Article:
Printed Prosthetics

3-D printing could bring cheap, easily made prosthetics to low-income countries whose residents have been devastated by conflict or disease. The WHO estimates 30 million people worldwide need prosthetics, braces or other mobility devices, but many poorer countries lack trained professionals who can produce and fit prosthetics for patients.
 
“You can do anything with 3-D printing,” says University of Nebraska research scientist Jorge Zuniga, who developed low-cost prosthetic hands. 3-D technology is also being applied to the creation of prosthetic arms and legs. Today, Chile, Sudan, Cambodia and Uganda are experimenting with 3-D prosthesis printing, and there are plans to bring the technology to Nigeria.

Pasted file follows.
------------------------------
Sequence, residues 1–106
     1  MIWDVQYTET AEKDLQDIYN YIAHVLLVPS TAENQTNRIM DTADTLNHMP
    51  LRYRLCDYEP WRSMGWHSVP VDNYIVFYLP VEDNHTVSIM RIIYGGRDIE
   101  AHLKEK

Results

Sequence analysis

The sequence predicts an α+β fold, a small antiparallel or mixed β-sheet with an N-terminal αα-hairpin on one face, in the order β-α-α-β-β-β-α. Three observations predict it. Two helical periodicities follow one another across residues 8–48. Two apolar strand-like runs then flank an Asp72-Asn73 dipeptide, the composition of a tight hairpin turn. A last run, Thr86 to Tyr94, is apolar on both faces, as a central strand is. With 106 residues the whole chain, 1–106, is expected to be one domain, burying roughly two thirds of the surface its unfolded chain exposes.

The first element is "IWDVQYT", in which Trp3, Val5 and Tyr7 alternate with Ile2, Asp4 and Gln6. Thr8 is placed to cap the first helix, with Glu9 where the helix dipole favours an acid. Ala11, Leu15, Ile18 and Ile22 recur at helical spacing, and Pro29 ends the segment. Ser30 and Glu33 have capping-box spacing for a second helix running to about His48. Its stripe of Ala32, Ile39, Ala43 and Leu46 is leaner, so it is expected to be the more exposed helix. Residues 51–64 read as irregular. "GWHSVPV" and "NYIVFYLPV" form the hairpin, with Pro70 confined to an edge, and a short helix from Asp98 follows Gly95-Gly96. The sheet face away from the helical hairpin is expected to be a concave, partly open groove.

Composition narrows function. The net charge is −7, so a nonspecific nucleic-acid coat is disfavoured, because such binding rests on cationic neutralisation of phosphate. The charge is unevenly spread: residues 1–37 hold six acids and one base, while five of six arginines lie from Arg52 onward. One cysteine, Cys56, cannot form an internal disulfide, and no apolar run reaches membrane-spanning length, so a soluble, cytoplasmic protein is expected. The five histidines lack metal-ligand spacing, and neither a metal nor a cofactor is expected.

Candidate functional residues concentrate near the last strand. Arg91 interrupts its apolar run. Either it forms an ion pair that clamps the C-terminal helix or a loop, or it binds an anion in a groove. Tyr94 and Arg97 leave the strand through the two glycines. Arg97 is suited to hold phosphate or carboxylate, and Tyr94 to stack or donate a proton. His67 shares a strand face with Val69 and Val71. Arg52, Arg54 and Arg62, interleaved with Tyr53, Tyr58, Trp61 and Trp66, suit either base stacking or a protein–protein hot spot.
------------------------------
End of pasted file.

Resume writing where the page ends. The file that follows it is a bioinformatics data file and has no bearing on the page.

Source: The Atlantic

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